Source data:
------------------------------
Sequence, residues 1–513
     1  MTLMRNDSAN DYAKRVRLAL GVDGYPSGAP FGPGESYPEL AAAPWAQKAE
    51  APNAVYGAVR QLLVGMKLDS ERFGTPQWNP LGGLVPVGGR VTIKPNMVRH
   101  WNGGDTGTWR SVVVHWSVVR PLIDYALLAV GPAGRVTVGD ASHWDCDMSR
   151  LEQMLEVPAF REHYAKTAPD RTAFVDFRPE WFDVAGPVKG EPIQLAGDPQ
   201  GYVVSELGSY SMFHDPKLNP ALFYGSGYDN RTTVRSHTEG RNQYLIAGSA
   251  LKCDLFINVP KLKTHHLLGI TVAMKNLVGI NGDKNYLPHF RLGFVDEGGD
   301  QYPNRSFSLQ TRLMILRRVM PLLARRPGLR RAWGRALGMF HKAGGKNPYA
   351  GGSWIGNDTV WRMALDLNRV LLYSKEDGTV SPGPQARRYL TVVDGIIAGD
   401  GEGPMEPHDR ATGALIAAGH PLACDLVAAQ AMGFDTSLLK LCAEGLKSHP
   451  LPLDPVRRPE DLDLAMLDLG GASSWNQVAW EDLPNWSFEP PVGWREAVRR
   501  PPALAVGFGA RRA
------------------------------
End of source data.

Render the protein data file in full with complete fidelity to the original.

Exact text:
Sequence, residues 1–513
     1  MTLMRNDSAN DYAKRVRLAL GVDGYPSGAP FGPGESYPEL AAAPWAQKAE
    51  APNAVYGAVR QLLVGMKLDS ERFGTPQWNP LGGLVPVGGR VTIKPNMVRH
   101  WNGGDTGTWR SVVVHWSVVR PLIDYALLAV GPAGRVTVGD ASHWDCDMSR
   151  LEQMLEVPAF REHYAKTAPD RTAFVDFRPE WFDVAGPVKG EPIQLAGDPQ
   201  GYVVSELGSY SMFHDPKLNP ALFYGSGYDN RTTVRSHTEG RNQYLIAGSA
   251  LKCDLFINVP KLKTHHLLGI TVAMKNLVGI NGDKNYLPHF RLGFVDEGGD
   301  QYPNRSFSLQ TRLMILRRVM PLLARRPGLR RAWGRALGMF HKAGGKNPYA
   351  GGSWIGNDTV WRMALDLNRV LLYSKEDGTV SPGPQARRYL TVVDGIIAGD
   401  GEGPMEPHDR ATGALIAAGH PLACDLVAAQ AMGFDTSLLK LCAEGLKSHP
   451  LPLDPVRRPE DLDLAMLDLG GASSWNQVAW EDLPNWSFEP PVGWREAVRR
   501  PPALAVGFGA RRA